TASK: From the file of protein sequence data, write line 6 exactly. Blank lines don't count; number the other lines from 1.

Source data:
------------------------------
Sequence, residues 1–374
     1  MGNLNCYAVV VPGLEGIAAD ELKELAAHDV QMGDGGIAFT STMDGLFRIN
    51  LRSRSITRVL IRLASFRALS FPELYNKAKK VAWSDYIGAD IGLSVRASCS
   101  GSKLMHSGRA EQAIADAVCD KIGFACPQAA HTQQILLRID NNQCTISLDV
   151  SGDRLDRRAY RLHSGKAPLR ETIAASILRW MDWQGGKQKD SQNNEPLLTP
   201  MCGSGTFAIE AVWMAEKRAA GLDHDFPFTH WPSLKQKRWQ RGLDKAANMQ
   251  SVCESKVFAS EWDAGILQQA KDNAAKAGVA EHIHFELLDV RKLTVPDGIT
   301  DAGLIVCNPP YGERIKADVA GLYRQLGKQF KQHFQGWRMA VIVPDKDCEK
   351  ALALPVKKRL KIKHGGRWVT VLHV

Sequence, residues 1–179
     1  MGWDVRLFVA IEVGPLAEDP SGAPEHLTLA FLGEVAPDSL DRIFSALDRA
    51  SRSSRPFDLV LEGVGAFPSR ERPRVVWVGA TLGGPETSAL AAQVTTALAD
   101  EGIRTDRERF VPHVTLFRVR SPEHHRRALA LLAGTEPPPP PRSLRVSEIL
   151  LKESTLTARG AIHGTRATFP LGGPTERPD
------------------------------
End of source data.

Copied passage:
   201  MCGSGTFAIE AVWMAEKRAA GLDHDFPFTH WPSLKQKRWQ RGLDKAANMQ